Dear Amy: Many years ago, I was married to “Annie” for about 10 years. Our divorce was amicable, and since we had no children, we have not had any contact since our divorce.
A couple of years after my divorce I met and married “Bea.” We’ve now been married for over 30 years.
I have an album of photographs. This album consists of childhood photos, photos of my parents, siblings, and me through high school and college. The album includes three photos of Annie — nothing suggestive or racy — these are just reminders of the good times from my youth.
Bea strenuously objects to me keeping the photos of Annie and wants me to destroy them, while I think that they are harmless souvenirs of my life, and that destroying them is an irrational attempt to erase the past.
Am I nuts?
Dear Charlie: You sound like a perfectly normal person with a perfectly normal past.
I have a knee-jerk and negative reaction to the idea of destroying photos. As we move into an almost thoroughly digital age, these material objects are visceral reminders that we exist in the world, in many splendidly awkward settings and posed alongside people we no longer know. And yet — there we are!
At the risk of angering your wife, it would be thoughtful for you to scan or copy these photos and send copies to “Annie.” (Do not post them on social media.) I would think that anyone would enjoy a tangible reminder of their much-younger self.
It might help you to lean in toward your wife’s reaction if you understand that behind her anger might be regret that she wasn’t ever young alongside you.
Because you two met later, she missed a period sharing your life that might always be a source of some sadness and regret for her.
Meet her with affection and understanding for the youthful period you didn’t get to share, but gratitude for the adulthood you’ve been granted together.
Dear Amy: When I am sad, especially about a situation relating to my boyfriend (but also when I’m just stressed out), I tend to cry.
I try to explain to my boyfriend what’s wrong, and he does not comfort me.
He doesn’t put his arm around me, he doesn’t say he understands what I’m saying, he just watches and listens from the other side of the room.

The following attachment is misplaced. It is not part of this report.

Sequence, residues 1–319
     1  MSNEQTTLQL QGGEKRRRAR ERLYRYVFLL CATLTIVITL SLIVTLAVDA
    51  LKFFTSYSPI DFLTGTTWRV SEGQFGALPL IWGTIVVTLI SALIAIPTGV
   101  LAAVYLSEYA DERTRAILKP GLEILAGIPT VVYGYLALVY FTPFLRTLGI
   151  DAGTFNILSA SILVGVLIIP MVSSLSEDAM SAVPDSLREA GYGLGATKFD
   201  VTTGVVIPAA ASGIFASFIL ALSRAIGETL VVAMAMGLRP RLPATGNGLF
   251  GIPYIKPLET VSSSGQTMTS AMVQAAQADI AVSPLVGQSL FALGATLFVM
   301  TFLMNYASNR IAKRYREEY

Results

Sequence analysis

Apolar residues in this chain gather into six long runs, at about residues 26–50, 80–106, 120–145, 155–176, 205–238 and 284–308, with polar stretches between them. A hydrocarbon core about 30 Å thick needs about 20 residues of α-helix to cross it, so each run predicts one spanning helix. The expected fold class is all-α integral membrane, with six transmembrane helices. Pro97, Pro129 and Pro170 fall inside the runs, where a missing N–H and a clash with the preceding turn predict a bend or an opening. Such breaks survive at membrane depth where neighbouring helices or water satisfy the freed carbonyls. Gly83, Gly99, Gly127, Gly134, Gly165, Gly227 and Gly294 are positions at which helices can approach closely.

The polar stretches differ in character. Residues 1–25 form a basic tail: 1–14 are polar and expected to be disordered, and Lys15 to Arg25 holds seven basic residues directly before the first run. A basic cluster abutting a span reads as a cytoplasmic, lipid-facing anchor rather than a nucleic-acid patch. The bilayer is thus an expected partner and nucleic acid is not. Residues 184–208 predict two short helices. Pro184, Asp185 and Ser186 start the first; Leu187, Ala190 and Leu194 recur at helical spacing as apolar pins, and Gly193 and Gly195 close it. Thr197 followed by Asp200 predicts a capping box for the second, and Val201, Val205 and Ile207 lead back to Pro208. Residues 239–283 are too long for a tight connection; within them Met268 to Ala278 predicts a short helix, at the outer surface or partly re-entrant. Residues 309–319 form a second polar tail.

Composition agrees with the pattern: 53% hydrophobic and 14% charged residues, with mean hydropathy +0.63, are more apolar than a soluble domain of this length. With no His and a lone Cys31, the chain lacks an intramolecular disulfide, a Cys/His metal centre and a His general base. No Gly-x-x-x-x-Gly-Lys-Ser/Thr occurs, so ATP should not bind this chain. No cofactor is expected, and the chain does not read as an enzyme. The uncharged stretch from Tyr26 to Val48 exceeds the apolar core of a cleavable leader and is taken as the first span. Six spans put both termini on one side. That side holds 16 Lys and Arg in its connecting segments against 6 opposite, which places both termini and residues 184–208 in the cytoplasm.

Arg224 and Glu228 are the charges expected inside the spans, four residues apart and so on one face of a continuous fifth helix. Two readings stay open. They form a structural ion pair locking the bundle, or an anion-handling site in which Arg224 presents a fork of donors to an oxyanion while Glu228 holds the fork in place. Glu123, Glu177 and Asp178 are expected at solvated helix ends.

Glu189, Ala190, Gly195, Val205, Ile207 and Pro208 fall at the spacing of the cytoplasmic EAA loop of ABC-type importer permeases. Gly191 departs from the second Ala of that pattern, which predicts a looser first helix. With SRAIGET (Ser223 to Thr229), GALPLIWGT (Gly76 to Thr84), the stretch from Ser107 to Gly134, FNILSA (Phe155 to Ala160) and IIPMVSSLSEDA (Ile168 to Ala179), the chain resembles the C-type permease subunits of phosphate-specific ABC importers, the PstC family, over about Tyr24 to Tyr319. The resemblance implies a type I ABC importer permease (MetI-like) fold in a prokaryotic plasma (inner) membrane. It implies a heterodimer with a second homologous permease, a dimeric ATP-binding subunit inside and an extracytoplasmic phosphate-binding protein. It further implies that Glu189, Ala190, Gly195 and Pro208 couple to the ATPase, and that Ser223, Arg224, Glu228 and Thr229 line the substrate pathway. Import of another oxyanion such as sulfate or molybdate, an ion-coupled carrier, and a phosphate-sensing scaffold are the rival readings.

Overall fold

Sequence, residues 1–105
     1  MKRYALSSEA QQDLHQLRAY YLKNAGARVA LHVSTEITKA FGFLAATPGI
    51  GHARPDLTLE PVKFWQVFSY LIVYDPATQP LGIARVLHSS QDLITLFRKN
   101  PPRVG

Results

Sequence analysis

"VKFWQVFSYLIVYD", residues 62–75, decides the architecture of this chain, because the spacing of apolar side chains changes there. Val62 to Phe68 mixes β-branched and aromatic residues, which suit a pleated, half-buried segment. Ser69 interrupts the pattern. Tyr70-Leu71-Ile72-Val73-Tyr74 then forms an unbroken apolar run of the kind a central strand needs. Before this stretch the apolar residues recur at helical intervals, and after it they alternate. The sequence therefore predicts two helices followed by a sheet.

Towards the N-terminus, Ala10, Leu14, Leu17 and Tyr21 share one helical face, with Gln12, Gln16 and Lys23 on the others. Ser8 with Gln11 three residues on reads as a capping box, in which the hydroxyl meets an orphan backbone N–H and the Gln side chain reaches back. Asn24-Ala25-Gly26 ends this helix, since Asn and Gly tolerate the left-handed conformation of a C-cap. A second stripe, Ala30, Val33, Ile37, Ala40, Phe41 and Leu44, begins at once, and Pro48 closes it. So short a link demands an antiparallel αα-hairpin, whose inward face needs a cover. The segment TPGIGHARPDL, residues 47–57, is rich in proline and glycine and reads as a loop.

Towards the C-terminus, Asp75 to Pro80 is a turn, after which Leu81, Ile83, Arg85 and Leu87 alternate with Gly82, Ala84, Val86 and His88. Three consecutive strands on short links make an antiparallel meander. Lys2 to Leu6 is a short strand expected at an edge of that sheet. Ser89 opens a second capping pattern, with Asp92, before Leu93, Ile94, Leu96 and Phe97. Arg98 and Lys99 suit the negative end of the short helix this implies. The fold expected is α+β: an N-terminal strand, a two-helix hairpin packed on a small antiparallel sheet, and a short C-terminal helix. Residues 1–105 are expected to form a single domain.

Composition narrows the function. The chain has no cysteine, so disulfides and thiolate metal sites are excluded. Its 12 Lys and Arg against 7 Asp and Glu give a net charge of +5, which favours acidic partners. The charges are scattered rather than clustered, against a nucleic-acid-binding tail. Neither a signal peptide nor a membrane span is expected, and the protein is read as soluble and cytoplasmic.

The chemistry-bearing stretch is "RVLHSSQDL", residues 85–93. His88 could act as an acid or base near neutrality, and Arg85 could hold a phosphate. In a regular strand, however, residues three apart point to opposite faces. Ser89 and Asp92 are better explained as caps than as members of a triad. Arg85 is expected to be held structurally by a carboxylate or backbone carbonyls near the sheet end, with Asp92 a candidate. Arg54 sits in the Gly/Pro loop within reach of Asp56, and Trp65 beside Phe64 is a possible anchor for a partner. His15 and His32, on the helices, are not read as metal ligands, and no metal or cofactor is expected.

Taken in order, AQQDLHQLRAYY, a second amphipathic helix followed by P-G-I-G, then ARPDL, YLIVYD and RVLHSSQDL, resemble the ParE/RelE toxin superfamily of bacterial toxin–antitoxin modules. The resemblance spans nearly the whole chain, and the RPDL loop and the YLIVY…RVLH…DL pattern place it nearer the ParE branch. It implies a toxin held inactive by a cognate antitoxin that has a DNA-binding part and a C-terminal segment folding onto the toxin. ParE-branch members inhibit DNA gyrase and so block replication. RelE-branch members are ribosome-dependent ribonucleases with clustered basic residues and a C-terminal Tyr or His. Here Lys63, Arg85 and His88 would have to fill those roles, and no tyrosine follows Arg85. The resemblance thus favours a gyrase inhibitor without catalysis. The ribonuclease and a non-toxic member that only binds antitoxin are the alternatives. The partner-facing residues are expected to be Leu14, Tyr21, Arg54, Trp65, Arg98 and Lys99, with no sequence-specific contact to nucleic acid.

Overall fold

This makes me feel lonely, sad, and embarrassed. I end up trying to explain again why I’m upset, in a desperate attempt to get comfort. It never works.
I talk myself in circles, and he watches, sometimes saying that he’s sorry I’m sad.
When he leaves, and I’m by myself, I recover because I’m no longer upset by the lack of comfort. When I’m alone I can make myself feel better.
What should I do?
On several occasions I’ve said, “You should go, I’m sad and it isn’t helping me to feel better to have you watch me cry,” but then he stays anyway.
Should I leave the room? I don’t want to act angry, but it’s hard to be physically with someone and yet feel so alone.
— Alone Together
Dear Alone Together: The best time to discuss your boyfriend’s reaction to your strong emotions is when you aren’t experiencing such strong emotions.
As it is, when the tears are flowing, you are conveying that your boyfriend’s actions have made you cry. He may conclude that if his behavior has made you cry, then he should respond by retreating.
Talk about this during a calm moment. Tell him, “When I’m upset, I have a much easier time if you will sit near me, hold my hand, put your arm around me, and comfort me.”
You should also ask him how he feels when you are in tears. He may tell you that he feels confused, bewildered, hopeless or manipulated.
Obviously, you should also examine what about this relationship is bringing on these storms, and whether experiencing this sort of emotional imbalance is healthy for you.
Dear Amy: Your answer to “Upset Dad” was astoundingly, bewilderingly wrong.
“Dad” mentions that his brothers are childless, as though this justifies his expectation that they should step in to provide regular free childcare.
Other peoples worlds do not revolve around one’s children!
— Disappointed in YOU
Dear Disappointed: “Upset Dad’s” son has special needs. According to his question, his brothers seemed unsure of how to be good uncles to their nephew.
He was appealing to his brothers not for childcare, but for connection.
(You can email Amy Dickinson at [email protected] or send a letter to Ask Amy, P.O. Box 194, Freeville, NY 13068. You can also follow her on Twitter @askingamy or Facebook.)
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